At present, nearly every statewide political office and majorities in both houses of the Legislature are held by Republicans. Naturally, that means journalists’ scrutiny focuses more heavily on one political party: the party in power.
As some MT Lowdown readers have recently pointed out to me, these dispatches tend to focus on the actions of Republican officials. There’s a simple reason for that: Republicans are running the state. If and when Democrats, or Libertarians, or Independents, or Greens, or some yet unimagined coalition of political power takes the reins, they’ll get the same scrutiny.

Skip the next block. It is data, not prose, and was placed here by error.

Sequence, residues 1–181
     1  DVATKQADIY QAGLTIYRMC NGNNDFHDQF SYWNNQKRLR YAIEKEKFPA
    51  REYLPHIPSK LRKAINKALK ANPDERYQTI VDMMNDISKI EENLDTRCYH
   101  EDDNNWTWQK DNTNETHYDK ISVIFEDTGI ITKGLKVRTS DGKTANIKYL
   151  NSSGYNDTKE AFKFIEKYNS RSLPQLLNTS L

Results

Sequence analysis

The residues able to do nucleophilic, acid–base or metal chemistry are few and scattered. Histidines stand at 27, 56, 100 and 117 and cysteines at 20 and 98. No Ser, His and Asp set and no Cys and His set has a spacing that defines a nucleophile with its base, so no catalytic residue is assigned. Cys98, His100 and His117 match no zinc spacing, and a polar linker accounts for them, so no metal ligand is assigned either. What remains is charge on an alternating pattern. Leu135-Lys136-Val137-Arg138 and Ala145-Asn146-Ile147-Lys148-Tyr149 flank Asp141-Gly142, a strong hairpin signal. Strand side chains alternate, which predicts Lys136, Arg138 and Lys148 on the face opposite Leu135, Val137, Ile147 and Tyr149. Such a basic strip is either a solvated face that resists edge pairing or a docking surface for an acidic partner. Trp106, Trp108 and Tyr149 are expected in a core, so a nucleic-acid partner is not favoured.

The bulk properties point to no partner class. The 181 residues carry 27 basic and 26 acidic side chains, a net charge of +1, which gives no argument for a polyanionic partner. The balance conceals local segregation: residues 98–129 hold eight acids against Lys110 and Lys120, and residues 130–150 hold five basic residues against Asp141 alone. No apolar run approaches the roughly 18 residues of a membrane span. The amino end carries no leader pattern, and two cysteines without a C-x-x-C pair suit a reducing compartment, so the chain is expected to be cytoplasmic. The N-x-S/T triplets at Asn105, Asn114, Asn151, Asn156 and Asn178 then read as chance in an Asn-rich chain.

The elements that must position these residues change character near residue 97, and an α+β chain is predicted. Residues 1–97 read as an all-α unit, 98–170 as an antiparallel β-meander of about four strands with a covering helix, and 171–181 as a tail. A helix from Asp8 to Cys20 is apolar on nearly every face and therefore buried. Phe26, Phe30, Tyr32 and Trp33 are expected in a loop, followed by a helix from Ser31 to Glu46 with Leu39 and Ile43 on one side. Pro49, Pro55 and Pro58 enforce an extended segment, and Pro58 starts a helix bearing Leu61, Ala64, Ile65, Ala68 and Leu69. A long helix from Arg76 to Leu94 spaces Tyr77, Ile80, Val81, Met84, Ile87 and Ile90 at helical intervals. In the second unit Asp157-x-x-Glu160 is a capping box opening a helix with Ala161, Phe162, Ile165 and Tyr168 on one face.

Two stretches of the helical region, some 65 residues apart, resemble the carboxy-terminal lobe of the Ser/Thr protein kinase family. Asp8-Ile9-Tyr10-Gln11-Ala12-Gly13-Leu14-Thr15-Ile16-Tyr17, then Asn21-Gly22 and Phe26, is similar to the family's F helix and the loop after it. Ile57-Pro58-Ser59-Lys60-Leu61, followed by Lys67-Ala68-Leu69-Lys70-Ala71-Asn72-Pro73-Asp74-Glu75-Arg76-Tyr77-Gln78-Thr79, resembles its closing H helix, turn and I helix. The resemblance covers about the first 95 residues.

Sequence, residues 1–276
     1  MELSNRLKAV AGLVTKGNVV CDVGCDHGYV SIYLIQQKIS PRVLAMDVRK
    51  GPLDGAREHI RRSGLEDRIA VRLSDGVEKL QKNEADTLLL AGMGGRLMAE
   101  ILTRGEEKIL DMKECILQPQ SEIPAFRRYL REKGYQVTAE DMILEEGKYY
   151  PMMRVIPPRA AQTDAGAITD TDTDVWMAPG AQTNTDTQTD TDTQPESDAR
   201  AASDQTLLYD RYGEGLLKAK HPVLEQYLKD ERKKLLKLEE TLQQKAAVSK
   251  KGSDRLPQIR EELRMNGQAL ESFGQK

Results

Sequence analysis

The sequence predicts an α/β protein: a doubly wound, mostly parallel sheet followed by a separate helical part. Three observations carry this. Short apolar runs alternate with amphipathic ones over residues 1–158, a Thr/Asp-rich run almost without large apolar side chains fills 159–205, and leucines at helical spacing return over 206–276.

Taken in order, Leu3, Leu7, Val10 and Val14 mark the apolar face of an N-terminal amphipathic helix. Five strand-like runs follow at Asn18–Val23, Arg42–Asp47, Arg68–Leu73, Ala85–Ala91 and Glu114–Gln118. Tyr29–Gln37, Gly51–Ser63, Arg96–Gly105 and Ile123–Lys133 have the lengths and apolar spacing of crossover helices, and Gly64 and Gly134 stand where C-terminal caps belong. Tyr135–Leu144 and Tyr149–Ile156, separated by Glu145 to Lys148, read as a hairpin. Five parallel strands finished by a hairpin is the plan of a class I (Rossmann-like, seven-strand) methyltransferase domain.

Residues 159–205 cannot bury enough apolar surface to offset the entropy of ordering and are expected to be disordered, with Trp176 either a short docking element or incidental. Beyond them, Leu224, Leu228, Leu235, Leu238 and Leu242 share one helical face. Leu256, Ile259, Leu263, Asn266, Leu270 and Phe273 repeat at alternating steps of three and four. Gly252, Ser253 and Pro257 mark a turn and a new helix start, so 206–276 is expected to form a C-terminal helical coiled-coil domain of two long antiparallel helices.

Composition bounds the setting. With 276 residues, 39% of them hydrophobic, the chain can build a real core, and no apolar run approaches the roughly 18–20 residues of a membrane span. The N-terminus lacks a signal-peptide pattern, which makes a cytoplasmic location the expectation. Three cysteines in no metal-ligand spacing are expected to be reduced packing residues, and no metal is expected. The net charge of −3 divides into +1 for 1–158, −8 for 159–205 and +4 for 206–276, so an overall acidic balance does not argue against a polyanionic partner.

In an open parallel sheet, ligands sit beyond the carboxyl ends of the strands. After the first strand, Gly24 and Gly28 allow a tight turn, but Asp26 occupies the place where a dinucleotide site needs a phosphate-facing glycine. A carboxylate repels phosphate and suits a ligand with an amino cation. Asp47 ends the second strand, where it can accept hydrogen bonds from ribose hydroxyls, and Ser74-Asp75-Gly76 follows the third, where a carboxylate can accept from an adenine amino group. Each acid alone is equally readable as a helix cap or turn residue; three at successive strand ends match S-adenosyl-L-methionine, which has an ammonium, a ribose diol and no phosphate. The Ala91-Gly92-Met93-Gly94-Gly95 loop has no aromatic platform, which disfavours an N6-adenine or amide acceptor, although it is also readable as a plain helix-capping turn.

The scrutiny, not the target, is what defines a free and independent press.
This work is expensive to do, and it’s funded by you, our readers. We need to raise $125,000 by Dec. 31 so we can advance our accountability journalism in 2022, but we’re still $51,952 short of our goal … and time is running out.
From now until the end of the year, your tax-deductible donation to Montana Free Press will be doubled. If you value the hard work our team does every day to bring you news you can’t find anywhere else, then will you help us hit this crucial fundraising goal?
— John S. Adams, Editor-in-Chief
When Lt. Gov. Kristin Juras introduced Gov. Greg Greg Gianforte’s pick to lead the state Fish, Wildlife and Parks Department during Henry “Hank” Worsech’s Feb. 9 confirmation hearing, she noted that the governor had received more inquiries about FWP’s incoming director than about leadership of any other agency. She said “a wedge” had developed between sportsmen, landowners and outfitters, and Worsech was just the man to “reestablish communication between the groups.”